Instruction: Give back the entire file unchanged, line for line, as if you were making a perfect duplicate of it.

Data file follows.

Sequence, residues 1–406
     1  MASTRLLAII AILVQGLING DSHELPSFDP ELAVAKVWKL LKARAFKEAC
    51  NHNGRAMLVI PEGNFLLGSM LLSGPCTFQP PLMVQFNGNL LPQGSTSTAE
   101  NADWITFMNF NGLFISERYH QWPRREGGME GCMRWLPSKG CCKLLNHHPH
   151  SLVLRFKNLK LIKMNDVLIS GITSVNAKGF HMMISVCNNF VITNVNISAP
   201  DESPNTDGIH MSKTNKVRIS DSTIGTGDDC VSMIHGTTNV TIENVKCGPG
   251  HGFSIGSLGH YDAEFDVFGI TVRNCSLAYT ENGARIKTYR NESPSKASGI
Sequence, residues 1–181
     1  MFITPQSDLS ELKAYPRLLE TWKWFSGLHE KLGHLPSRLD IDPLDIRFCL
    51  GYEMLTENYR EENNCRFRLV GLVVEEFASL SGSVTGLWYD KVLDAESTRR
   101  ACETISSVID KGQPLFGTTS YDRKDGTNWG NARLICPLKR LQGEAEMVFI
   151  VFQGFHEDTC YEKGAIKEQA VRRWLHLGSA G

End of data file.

Sequence, residues 1–406
     1  MASTRLLAII AILVQGLING DSHELPSFDP ELAVAKVWKL LKARAFKEAC
    51  NHNGRAMLVI PEGNFLLGSM LLSGPCTFQP PLMVQFNGNL LPQGSTSTAE
   101  NADWITFMNF NGLFISERYH QWPRREGGME GCMRWLPSKG CCKLLNHHPH
   151  SLVLRFKNLK LIKMNDVLIS GITSVNAKGF HMMISVCNNF VITNVNISAP
   201  DESPNTDGIH MSKTNKVRIS DSTIGTGDDC VSMIHGTTNV TIENVKCGPG
   251  HGFSIGSLGH YDAEFDVFGI TVRNCSLAYT ENGARIKTYR NESPSKASGI
Sequence, residues 1–181
     1  MFITPQSDLS ELKAYPRLLE TWKWFSGLHE KLGHLPSRLD IDPLDIRFCL
    51  GYEMLTENYR EENNCRFRLV GLVVEEFASL SGSVTGLWYD KVLDAESTRR
   101  ACETISSVID KGQPLFGTTS YDRKDGTNWG NARLICPLKR LQGEAEMVFI
   151  VFQGFHEDTC YEKGAIKEQA VRRWLHLGSA G